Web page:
For nearly half a century, the Church was split into two or three obediences that excommunicated one another, so that every Catholic lived under excommunication by one pope or another, and, in the last analysis, no one could say with certainty which of the contenders had right on his side. The Church no longer offered certainty of salvation; she had become questionable in her whole objective form--the true Church, the true pledge of salvation, had to be sought outside the institution.
That quotation is from page 196 of Principles of Catholic Theology, by Joseph Cardinal Ratzinger.In case somebody doesn't care to wade through the rest of my articles on this quotation, I will merely note here that my opponent has taken the preceding quotation out of context and, deliberately or not, purported falsely that it is Ratzinger's own opinion about the Great Western Schism:
For in a FORTY year period, no Pope could be thought (with any certainty) to be infallible in any of his proclamations, nor could any Catholic be certain of his or her salvation. And if they could not be certain then; how can any Roman Catholic be certain about their faith in the present institution? For how can any Catholic claim to be a member of the church Christ founded upon Peter which, "the gates of Hell would not overcome," when it WAS overcome in the Schism of 1378? A time when even a Catholic scholar will admit: "The true church, the true pledge of salvation had to be sought outside the institution." (from my opponent, 12/15/95, 04:16 am)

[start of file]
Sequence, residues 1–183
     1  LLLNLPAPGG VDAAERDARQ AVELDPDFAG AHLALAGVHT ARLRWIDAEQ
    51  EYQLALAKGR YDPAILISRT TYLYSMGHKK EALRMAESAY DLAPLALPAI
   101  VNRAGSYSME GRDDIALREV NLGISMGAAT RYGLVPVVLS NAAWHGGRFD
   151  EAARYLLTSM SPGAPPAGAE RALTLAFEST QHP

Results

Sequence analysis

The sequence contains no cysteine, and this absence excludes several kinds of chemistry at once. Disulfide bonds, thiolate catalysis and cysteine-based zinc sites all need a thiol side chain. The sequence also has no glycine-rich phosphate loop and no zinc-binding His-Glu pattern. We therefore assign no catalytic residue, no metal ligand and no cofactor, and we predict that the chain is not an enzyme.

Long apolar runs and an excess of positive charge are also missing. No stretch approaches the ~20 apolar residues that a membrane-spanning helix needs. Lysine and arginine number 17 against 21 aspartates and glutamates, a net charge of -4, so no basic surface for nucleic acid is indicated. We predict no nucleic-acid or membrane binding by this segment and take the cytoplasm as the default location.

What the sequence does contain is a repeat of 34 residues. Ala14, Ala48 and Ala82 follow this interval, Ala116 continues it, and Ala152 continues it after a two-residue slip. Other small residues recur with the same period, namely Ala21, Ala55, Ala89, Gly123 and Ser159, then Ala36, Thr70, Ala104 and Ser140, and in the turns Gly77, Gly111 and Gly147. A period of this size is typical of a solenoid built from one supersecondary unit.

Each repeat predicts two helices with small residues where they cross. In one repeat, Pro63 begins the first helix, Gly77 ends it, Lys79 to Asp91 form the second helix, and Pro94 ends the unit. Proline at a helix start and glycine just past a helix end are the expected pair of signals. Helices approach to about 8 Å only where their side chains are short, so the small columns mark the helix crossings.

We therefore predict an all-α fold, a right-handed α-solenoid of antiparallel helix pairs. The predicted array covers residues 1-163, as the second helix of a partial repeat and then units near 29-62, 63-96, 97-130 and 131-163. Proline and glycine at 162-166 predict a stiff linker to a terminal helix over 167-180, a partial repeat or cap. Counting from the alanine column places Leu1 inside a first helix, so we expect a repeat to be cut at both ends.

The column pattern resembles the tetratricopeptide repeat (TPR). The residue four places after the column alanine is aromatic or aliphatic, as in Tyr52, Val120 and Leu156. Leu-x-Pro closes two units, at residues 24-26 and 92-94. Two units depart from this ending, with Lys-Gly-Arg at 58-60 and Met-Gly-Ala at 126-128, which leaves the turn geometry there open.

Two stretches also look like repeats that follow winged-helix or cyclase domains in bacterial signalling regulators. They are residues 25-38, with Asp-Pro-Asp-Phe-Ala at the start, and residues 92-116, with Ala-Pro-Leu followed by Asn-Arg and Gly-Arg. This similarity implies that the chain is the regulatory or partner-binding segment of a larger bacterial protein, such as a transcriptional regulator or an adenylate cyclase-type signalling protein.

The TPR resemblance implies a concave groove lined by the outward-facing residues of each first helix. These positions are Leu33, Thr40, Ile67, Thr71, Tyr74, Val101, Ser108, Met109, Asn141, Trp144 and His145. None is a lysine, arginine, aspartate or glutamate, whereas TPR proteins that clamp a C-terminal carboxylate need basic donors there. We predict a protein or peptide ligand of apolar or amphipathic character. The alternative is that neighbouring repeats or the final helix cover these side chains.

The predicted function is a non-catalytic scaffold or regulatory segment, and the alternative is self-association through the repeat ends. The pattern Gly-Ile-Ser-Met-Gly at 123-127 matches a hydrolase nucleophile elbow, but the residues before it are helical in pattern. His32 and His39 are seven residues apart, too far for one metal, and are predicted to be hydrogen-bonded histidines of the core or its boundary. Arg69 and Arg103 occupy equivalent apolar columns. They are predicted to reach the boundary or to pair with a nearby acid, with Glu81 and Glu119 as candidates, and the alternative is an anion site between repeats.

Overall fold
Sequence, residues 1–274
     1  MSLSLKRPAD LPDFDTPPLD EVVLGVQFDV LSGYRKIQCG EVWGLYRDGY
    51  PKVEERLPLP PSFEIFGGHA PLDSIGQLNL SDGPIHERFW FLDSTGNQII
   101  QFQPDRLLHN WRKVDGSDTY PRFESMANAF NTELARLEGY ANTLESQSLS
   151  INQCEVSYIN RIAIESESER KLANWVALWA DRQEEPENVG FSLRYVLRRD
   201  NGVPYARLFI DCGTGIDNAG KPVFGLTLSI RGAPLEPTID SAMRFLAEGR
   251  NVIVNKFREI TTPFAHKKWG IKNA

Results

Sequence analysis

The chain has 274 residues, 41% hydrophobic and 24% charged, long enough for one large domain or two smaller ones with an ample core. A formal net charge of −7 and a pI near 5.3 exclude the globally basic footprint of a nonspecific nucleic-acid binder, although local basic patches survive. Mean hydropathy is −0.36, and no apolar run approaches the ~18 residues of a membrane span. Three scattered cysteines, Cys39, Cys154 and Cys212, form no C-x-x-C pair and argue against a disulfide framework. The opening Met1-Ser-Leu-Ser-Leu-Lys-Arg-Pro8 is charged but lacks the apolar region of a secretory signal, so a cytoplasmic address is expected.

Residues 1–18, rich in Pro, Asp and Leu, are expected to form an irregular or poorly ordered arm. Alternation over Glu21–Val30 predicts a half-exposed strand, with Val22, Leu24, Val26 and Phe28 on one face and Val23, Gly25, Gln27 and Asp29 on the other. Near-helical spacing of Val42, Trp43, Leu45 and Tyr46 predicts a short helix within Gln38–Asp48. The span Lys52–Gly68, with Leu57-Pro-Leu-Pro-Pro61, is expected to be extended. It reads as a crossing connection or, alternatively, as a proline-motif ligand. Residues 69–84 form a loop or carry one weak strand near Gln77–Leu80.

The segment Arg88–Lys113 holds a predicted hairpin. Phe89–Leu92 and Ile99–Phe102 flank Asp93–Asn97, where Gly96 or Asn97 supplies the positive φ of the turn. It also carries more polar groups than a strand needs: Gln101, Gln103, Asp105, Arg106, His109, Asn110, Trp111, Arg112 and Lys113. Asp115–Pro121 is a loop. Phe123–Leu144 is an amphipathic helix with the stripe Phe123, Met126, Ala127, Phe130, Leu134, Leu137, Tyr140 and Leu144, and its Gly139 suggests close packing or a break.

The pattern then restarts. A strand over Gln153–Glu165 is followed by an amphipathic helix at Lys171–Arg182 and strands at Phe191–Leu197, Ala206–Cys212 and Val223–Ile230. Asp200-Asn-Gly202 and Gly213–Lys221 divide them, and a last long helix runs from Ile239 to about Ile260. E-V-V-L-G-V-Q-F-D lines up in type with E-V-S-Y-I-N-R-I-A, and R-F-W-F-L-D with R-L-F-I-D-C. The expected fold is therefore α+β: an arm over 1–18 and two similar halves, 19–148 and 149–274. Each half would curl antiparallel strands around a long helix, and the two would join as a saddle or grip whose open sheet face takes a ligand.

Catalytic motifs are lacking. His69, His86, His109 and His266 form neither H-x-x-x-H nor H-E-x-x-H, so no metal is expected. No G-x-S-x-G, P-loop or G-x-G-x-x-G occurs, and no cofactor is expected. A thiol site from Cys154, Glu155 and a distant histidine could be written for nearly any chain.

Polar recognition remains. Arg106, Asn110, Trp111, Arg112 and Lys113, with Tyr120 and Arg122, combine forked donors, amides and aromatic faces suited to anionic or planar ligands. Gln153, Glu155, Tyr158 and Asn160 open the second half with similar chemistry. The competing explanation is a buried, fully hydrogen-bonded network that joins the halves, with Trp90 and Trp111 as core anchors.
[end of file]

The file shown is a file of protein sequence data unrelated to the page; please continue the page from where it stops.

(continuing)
Cardinal Ratzinger, however, was expressing his understanding of how Protestants look at the Great Western Schism based upon their own soteriology and ecclesiology.
I find it ironic (to say the least) that Ratzinger's survey of different models of church unity--his attempt as a Catholic scholar to be just, irenic, conciliatory, and sympathetic both to the Orthodox and to Protestants--has been--deliberately or not--abused by my opponent this way.